• Processing opera scores: A few years ago my institution received a large donation of hundreds of music scores from the wife of a former opera professor. Most of these are opera scores. The collection has sat untouched awaiting cataloging and processing. Thankfully I was able to hire a music cataloger this summer and we are almost finished with cataloging the entire collection. Some items include incredibly rare 18th century first edition opera scores. In the future, I would like to apply for a grant to digitize some of these rare materials. But for now, I’ll just be relieved and satisfied once they officially join our collection.
  • Combining the Olympics and information literacy: While I am not a huge sports fan, whenever the Olympics roll around, I find myself glued to the television practically every night—especially for gymnastics, swimming, and track and field. Lately I’ve been thinking that there must be a way for me to incorporate some sort of Olympic-themed activity or research inquiry into one of my information literacy sessions this Fall. So far nothing has come to me, but I have had a lot of fun perusing the official website for the Olympics—including their photo gallery which contains over a hundred galleries based on year and sport.  The photos go as far back as the 1896 games in Athens.

What huge projects are you working on this summer and will you actually finish them?

Breaking Through the Block

One of the reasons I like to blog is that it keeps me writing regularly. Like lots of academic librarians my job comes with expectations for research and scholarship, so I need to be able to write up the work that I do and get it published. Writing is hard — I think writing comes truly easily for only very few people. I’ve found that the more I write, the easier it is to write. Many books on writing suggest setting aside time for it every day, and while I can’t always preserve that time I do tend to write at least a little something more days than not.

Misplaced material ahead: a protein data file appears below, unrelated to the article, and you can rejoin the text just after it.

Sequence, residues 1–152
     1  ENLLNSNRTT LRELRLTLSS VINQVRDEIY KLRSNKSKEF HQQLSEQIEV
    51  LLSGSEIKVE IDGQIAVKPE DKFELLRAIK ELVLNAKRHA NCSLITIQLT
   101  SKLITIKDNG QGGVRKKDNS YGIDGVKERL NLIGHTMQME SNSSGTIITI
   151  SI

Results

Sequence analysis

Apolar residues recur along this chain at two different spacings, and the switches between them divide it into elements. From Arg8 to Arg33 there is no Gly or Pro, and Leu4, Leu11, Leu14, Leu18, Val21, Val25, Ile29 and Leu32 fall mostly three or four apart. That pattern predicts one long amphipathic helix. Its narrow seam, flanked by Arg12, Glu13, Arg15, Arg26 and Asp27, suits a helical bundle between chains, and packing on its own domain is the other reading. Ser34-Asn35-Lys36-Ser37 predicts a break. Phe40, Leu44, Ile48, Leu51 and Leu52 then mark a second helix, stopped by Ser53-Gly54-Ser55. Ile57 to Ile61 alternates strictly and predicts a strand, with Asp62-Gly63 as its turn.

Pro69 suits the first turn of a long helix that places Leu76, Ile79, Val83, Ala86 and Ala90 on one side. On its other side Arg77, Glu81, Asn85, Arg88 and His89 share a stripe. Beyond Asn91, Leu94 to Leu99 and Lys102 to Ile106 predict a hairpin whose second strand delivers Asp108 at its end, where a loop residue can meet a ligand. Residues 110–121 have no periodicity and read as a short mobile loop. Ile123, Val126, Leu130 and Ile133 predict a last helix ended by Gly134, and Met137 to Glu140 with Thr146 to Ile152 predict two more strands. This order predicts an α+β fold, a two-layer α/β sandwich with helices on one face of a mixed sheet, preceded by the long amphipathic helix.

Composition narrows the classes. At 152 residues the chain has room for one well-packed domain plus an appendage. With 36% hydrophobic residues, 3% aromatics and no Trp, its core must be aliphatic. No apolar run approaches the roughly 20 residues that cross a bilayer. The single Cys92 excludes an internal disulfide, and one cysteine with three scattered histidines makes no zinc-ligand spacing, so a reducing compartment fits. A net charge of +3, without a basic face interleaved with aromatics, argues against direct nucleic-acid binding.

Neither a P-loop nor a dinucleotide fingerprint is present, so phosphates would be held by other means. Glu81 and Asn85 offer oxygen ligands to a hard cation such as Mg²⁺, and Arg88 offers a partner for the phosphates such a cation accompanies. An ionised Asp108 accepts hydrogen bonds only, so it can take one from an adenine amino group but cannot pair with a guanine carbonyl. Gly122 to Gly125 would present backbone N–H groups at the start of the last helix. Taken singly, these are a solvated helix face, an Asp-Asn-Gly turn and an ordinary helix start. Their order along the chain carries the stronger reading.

But everyone has a bout of writer’s block at least occasionally, which is precisely the place I’m in right now. I think I know why: I’m in the midst of analyzing and writing up a big research project so it’s likely that most of my creative focus is occupied with that. Even so, I’ll be working on this big project for a while yet, and I need to figure out a way to move past the block and keep writing, especially as I work through the data analysis.

Thinking about writer’s block has me thinking about strategies for overcoming writer’s block. Here are some that have worked for me. If you’ve got a great tactic for breaking through the block, please share in the comments!

Schedule your writing (and thinking) time